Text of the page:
The last time we left our own planet, Nixon was in the White House.
Schmitt was a young man when he became the last person to step out from a spacecraft onto the moon. He’s 82 now. The rest of his crew is dead. The photo he took of the earth hangs on a thousand dorm room walls. But none of those students have had the opportunity to take another one like it. And if Obama had gotten his way, that’s how the legacy of our space program would have ended.
When Obama trashed what was left of our space program, the space shuttles were parceled off to connected museums and cities. And were stowed next to the Apollo and Gemini gear as relics. Children could peer at them through glass walls as the artifacts of another culture that actually did great things.
The Democrats are expected to fight Trump’s nomination of Rep. Bridenstine to head NASA for partisan reasons. At Bridenstine’s hearing, Senate Democrats showed no interest in discussing space policy. Instead they wanted to pound their pulpits about global warming, Muslim self-esteem and gay marriage.
“So if you’re NASA administrator, and someone asks you questions about sexual morality, you’re going to stay consistent with your past statements on how you view same-sex couples raising children?” Senator Cory Booker bizarrely asked.
Senator Patty Murray announced that she would vote against the former Navy pilot because of his appearances at the David Horowitz Freedom Center and other “anti-Muslim groups”. For Murray, Muslim self-esteem is apparently still central to NASA’s mission.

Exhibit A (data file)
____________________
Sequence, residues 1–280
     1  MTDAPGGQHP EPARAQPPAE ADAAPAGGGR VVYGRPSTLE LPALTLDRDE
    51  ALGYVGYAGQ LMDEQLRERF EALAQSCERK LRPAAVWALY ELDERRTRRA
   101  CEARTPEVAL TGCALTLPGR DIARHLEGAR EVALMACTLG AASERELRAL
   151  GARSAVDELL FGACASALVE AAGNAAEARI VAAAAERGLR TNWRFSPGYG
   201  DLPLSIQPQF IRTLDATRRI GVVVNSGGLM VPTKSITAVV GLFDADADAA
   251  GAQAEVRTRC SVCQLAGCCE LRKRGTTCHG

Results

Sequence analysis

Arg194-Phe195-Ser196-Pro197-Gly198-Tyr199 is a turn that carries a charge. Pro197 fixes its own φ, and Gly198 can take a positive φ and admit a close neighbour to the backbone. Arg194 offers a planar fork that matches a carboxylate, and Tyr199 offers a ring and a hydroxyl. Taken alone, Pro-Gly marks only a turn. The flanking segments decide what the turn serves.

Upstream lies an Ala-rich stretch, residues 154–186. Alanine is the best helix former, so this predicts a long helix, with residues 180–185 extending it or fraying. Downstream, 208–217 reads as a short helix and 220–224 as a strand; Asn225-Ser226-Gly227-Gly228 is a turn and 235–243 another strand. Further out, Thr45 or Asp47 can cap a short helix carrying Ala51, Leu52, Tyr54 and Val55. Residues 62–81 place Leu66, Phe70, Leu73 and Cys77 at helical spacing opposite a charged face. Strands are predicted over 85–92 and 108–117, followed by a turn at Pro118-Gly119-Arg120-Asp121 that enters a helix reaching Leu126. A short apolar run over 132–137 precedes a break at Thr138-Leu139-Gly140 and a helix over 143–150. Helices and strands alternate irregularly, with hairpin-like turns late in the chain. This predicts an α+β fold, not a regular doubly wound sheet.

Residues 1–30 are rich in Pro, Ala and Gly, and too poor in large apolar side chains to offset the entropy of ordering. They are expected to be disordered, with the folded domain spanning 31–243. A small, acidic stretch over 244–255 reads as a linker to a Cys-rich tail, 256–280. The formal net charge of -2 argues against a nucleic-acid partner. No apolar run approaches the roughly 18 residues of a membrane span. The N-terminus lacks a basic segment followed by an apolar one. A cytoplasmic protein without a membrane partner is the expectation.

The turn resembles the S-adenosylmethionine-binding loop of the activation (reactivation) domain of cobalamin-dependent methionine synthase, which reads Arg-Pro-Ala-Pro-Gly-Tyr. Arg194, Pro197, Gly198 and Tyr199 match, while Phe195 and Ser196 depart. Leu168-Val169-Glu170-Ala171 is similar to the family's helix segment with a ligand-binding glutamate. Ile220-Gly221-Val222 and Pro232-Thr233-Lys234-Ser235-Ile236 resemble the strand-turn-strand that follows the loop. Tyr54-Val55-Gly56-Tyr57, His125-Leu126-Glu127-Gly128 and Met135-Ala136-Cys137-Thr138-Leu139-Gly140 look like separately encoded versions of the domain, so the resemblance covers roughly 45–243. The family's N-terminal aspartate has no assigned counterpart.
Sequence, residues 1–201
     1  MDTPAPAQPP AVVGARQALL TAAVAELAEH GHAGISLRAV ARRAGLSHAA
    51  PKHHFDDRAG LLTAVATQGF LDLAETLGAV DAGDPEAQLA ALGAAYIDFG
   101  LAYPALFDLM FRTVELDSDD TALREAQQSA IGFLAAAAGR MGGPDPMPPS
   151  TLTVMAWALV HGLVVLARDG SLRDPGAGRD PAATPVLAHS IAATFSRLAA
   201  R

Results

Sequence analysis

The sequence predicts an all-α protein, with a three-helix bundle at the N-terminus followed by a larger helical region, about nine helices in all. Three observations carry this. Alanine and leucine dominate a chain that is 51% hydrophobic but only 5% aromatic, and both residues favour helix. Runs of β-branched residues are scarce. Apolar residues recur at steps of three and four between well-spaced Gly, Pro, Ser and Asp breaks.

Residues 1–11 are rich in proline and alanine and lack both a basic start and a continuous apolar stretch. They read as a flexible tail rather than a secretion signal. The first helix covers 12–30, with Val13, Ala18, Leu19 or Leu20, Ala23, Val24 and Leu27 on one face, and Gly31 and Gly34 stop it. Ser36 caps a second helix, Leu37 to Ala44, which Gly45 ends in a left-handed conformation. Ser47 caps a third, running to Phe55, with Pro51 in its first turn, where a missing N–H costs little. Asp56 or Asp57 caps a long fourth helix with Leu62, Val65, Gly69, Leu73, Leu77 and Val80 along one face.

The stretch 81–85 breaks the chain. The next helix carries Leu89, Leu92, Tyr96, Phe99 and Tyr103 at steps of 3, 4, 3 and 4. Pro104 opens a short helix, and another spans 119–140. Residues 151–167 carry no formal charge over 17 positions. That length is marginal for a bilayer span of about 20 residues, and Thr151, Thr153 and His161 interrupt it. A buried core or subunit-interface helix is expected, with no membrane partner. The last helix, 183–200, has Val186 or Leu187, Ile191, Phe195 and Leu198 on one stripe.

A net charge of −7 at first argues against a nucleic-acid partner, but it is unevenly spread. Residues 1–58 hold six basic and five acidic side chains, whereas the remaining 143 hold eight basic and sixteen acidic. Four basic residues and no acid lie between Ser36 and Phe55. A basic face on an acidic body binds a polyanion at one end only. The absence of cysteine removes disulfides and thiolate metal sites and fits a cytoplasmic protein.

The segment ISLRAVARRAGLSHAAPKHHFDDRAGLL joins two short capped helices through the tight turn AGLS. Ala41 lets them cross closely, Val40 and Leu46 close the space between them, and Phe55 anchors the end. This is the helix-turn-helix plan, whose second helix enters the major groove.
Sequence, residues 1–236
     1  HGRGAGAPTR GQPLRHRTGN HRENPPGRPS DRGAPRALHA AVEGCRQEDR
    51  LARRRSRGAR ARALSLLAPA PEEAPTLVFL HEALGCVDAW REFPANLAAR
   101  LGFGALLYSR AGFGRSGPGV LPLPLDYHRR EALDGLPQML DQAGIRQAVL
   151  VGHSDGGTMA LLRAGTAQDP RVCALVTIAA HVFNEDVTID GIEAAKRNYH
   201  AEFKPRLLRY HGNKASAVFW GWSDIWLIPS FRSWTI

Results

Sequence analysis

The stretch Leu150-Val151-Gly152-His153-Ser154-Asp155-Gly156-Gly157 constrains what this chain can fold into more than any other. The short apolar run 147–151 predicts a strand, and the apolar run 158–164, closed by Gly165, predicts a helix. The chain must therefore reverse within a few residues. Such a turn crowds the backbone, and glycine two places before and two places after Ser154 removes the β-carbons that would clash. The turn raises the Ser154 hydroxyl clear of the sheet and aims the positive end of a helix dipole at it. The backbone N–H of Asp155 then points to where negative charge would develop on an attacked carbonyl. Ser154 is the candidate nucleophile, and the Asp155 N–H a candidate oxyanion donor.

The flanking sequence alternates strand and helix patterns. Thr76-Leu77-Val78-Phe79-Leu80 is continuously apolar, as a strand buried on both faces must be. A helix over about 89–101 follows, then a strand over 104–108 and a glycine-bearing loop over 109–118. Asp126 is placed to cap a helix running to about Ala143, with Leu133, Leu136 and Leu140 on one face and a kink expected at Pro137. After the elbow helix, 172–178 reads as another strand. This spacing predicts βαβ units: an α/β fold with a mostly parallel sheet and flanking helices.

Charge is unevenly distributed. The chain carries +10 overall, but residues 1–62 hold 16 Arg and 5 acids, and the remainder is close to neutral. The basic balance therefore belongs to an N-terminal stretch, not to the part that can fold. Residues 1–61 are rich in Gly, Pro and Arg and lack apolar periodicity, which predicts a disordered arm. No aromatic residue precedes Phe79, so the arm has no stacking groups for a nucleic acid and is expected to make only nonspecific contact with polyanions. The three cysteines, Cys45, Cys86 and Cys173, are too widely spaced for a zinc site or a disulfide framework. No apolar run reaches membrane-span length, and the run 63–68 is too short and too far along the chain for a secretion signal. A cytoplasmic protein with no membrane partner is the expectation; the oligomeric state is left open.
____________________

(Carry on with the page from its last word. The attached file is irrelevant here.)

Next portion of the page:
Now, after the disastrous (astronomic pun intended) Obama era, we’re coming back. Slowly, step by step.
NASA on Friday assigned the astronauts who will ride the first commercial capsules into orbit next year and bring crew launches back to the U.S.
SpaceX and Boeing are shooting for a test flight of their capsules by the end of this year or early next, with the first crews flying from Cape Canaveral, Florida, by next spring or summer.
Nine astronauts were named to ride the SpaceX Dragon and Boeing Starliner capsules — five on the first crew flights and four on the second round of missions to the International Space Station.
“For the first time since 2011, we are on the brink of launching American astronauts on American rockets from American soil,” said NASA Administrator Jim Bridenstine, who made the introductions at Johnson Space Center.
U.S. astronauts now take Russian capsules to the space station, with NASA paying as much as $82 million a seat.
That was the work of the party that now ceaselessly howls about the Russians.
“After braving the vast unknown and discovering the new world, our forefathers did not only merely sail home,” President Trump said. “They stayed, they explored, they built, they guided, and through that pioneering spirit, they imagined all of the possibilities that few dared to dream. Today, the same spirit beckons us to begin new journeys of exploration and discovery,”